At one point in my life I had this one terrible boss, but if he taught me nothing, he taught me the saying; “to assume makes an *ss out of u and me”. Why do I bring this up? Well when my grandparents; Harold and Gladys Thompson passed away I was given some of the family photos. At the time I was told that three of the photos were of my great grandparents; Lily Shannon and her husband John Robert Thompson.
Years had passed and I’d occasionally looked at the photos but then a few years ago I read some books about genealogy and photography. In the books they spoke about looking at photos for details that might provide additional clue for your family history. It was at that point that the saying “never assume” came to light.
May I present the three photos. All three pictures, I was told were of my great-grandmother Lily.
The first photo is of; Lily Shannon and my grandfather, Harold and the last picture is of Lily and John Robert Thompson with the two boys (Harold and Norman). The middle picture I was told was Lily and John Robert.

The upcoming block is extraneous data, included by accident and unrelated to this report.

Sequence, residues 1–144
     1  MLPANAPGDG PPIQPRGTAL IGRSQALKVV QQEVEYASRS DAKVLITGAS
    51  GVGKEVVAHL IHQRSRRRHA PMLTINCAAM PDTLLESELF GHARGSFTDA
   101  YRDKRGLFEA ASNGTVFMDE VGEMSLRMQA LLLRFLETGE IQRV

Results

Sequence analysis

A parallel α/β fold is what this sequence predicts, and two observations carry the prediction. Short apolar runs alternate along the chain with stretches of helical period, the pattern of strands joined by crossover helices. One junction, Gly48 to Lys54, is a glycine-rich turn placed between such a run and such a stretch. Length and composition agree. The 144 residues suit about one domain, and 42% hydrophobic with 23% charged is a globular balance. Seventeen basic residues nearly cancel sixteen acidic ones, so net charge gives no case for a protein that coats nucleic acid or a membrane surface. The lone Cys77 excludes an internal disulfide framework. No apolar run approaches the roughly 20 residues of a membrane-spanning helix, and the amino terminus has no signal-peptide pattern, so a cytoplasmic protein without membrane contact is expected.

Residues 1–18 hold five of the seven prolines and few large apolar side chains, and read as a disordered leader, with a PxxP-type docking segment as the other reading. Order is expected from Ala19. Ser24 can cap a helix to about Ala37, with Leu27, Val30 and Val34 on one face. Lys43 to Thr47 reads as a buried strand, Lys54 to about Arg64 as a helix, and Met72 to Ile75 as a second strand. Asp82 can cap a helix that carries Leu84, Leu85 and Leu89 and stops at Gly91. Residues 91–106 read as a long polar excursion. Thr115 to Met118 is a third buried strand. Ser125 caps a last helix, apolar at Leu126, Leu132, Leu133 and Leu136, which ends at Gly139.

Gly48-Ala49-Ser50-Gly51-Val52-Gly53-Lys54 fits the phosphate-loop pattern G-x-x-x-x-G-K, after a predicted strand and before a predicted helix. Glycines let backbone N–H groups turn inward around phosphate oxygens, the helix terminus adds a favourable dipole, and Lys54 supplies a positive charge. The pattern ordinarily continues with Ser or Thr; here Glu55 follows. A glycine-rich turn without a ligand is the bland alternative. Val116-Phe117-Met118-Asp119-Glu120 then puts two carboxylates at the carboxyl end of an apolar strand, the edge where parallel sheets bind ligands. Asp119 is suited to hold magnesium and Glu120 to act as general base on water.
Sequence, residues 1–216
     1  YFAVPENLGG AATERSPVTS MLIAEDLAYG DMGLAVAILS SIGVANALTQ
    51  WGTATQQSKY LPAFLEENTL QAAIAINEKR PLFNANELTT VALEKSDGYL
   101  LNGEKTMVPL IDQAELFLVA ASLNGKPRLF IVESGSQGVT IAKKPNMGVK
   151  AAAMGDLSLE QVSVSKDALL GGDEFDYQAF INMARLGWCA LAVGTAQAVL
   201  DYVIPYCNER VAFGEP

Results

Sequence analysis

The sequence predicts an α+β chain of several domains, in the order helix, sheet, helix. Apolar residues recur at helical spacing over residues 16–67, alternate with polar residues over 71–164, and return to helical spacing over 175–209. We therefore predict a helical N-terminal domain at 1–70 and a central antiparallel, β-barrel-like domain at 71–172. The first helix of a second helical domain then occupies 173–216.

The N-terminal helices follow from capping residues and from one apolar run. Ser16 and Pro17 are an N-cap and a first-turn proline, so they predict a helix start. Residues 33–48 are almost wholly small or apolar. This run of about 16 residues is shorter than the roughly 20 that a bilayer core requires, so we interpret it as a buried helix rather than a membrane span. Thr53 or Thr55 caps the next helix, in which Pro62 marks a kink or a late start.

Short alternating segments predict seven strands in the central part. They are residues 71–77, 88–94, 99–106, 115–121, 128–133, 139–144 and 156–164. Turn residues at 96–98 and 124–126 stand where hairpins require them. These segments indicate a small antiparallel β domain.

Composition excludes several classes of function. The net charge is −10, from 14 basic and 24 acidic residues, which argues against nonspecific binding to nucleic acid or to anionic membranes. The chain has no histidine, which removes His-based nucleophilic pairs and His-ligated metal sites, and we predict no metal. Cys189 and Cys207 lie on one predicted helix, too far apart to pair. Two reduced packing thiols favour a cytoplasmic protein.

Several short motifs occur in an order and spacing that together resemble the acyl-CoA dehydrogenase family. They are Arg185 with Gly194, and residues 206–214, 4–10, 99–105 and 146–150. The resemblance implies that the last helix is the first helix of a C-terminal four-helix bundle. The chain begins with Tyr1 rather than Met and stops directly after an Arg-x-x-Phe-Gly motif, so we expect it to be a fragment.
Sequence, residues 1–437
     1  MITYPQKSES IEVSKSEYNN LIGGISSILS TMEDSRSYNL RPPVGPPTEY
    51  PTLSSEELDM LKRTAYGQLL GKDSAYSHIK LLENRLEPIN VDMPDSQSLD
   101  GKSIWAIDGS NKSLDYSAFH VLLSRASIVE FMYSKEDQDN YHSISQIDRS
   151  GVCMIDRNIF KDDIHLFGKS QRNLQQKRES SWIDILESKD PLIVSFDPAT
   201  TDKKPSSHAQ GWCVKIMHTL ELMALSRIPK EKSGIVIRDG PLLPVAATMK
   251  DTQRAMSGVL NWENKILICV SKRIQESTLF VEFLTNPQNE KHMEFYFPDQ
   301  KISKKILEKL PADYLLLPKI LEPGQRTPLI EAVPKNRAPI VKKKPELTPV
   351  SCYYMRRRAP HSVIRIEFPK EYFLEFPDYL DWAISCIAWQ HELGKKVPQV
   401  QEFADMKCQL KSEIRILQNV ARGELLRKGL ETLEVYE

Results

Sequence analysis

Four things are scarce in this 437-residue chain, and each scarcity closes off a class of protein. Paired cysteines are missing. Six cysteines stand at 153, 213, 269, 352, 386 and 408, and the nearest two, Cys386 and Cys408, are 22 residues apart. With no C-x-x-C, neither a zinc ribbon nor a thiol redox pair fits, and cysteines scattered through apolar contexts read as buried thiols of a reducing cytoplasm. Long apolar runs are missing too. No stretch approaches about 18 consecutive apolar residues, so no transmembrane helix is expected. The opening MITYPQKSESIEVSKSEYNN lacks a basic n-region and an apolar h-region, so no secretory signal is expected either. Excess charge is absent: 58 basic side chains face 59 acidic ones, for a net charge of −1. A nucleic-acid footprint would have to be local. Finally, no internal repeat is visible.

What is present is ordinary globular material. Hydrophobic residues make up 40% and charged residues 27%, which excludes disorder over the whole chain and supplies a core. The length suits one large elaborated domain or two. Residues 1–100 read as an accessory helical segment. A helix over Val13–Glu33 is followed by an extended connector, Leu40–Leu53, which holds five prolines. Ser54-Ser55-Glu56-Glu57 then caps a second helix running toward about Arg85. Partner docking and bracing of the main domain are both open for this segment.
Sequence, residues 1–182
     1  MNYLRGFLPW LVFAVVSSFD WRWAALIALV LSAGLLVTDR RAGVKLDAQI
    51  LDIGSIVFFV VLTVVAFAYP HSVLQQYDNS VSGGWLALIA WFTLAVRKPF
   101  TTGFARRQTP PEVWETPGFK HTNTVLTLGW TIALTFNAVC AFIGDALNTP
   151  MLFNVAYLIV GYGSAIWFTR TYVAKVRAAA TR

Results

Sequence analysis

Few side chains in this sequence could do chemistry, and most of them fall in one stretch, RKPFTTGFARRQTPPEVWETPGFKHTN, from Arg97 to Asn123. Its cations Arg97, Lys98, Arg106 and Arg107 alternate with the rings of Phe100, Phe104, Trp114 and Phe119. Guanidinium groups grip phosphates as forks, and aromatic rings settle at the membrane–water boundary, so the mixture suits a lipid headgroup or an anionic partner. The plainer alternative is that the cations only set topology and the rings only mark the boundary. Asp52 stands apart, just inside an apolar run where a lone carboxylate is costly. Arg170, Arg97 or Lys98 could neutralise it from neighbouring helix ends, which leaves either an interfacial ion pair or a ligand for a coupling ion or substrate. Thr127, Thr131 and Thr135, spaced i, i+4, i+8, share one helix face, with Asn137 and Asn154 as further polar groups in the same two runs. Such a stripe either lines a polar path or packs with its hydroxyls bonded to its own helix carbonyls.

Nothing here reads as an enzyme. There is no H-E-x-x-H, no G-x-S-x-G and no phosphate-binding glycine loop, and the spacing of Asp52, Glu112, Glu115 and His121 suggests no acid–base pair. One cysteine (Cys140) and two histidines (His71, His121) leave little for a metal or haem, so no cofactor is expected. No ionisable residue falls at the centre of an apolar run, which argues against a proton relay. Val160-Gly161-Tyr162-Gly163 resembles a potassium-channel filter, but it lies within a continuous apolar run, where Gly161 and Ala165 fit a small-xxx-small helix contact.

First of all I knew that my grandfather; Harold was born out-of-wedlock in 1907. Although my grandfather never knew who his father was I’d found a birth registration listing his father as Godfrey Myrtle. I also knew that Norman was born in 1911 and he was John Robert’s son. So sometime between 1906 and 1911 Lily and John would have come together. But clearly the middle photo is at a much younger age so they may have known each other earlier. I knew for sure that it was John Robert in the photo by his distinctive ears but I was starting to have some doubt about the women in the photo. Then I started researching John Robert and found that he’d married Elizabeth Ralph in 1893 . In 1894 they had a daughter; Henrietta Pearl Thompson. Then I noticed I had another photo of an (until then) unidentified child with the same photographers name on it as on the photo of the younger couple.
It was all starting to come together. Then I took a better look at all the women in the photos and I notice the noses aren’t quite the same and neither are the eyebrows.. and that’s when I realized that I was assuming what I’d been told was fact. In my families defence they probably never thought to ask either; they had done the same thing as I had.
So the lesson learned is to always check the facts yourself. It’s great when people help you and provide information but sometimes they don’t know what’s fact and what isn’t.